SDP – Delivery
Once the astronomical data has been processed into useable information the information needs to be transported to the user community. At this point the data is firmly in the category of ‘Big Data’, rates of 100 Gbit/s will be the norm and will be needed to be available across the globe. Initial investigation has begun on this area but currently is scheduled separately to other work and is not at the preliminary design stage.
The telescope will require a significant amount of data transporting around to cover the built-in monitoring, testing and where possible repair of the equipment at the two sites. This will be an essential task in such a complex and dispersed system and will be controlled by the Telescope Manager, a separate Consortium with close links to SADT. Engineering data and information from such equipment as weather stations and voice communication will all need to be passed on the NSDN network. The designs of the NSDN are still developing as requirements are firming up.
The network manager (NMGR) team is producing the local sub-system that will provide a first level of monitoring and control for the SADT long haul links and associated network equipment and comprises of an Enterprise Network Management System (ENMS) supplemented by integrations with external systems.
SAT – Clocks
The team here is designing a clock ensemble to give timing accuracy of 10 ns over 10 years in line with the stringent requirements set by the science needs that SKA will satisfy. The solution is a comprehensive clock ensemble comprising redundant hydrogen masers, a technology that is proven and stable but with longevity to be cost effective.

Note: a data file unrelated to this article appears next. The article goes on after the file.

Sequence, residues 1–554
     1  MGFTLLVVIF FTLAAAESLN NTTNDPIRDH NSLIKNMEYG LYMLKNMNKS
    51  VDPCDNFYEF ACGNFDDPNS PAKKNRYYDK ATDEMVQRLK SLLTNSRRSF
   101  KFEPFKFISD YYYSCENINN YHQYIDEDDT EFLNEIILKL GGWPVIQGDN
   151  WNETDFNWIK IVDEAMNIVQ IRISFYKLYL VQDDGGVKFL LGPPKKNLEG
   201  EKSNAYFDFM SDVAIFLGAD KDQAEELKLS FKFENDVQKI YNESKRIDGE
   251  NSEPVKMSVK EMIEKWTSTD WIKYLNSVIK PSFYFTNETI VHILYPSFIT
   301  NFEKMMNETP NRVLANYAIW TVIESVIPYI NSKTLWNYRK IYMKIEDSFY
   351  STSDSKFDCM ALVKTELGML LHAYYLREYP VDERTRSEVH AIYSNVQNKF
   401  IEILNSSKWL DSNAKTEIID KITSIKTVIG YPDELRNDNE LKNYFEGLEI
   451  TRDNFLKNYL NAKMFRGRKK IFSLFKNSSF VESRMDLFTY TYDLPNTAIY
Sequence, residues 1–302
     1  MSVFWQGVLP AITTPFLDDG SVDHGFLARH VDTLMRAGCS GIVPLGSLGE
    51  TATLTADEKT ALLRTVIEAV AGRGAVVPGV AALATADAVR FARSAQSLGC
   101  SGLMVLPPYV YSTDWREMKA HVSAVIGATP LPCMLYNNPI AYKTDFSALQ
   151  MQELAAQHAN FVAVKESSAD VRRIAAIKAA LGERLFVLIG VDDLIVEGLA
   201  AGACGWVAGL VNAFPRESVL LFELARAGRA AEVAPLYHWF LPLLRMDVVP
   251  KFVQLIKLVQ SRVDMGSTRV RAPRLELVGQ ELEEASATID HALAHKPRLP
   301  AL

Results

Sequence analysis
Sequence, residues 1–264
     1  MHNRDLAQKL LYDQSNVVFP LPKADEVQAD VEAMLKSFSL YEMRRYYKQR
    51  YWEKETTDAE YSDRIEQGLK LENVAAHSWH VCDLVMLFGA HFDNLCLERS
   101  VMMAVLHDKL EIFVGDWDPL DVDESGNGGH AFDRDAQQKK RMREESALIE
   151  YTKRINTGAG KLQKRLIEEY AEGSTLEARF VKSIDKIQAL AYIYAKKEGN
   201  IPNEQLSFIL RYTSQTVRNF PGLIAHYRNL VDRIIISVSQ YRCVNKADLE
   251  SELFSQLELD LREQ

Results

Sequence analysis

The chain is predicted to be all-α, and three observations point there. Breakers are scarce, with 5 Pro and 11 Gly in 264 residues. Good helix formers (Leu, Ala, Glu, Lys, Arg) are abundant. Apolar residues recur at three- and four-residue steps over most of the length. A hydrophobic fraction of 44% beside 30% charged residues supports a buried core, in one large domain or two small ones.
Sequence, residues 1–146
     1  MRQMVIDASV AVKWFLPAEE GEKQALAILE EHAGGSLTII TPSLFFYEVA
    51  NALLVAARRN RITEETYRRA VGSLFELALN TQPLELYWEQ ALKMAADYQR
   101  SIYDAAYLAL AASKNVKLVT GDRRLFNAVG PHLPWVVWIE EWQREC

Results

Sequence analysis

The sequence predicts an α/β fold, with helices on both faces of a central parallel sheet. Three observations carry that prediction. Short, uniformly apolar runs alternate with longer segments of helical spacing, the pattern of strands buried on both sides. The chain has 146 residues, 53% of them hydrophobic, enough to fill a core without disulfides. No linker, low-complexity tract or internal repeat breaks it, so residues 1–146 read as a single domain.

The time and frequency reference signal distribution is one of the most challenging areas of the SADT responsibility. With a unique task to perform the team is developing novel solutions and hence this is considered the highest risk area of the SADT area of responsibility. The STFR delivers standard frequency references and timing signals derived from the SAT-Clock ensemble to all the antennas and certain other locations that need to be synchronised with the antennas. The reference signals need to be delivered with sufficient accuracy to enable each of the telescopes to be phase coherent, which equates to a timing accuracy of around one million-millionth of a second (1 ps). The timing also needs to be precise enough to support the very demanding requirements for scientific observations such as pulsar timing to timescales of decades.
The SAT-LMC team is designing a network to provide the local monitoring and control of the SAT network, perhaps one of the most critical M&C tasks on the whole telescope.
The Local Infrastructure (LINFRA) teams is located at both sites and provide SADT with an in-house capability to address the local infrastructure requirements. Both teams have detailed knowledge of the sites and the individual issues and problems associated with the environment. In the preliminary design phase these teams have provided viable solutions for the physical location of the SADT equipment and expert knowledge of the risks involved with the SADT infrastructure build. The team have provided the design for the physical fibre optic network across which all the SADT logical networks operate. The fibre network will implement a standard across the telescope of a single mode fibre optic cable in line with major telecommunications equipment manufacturers.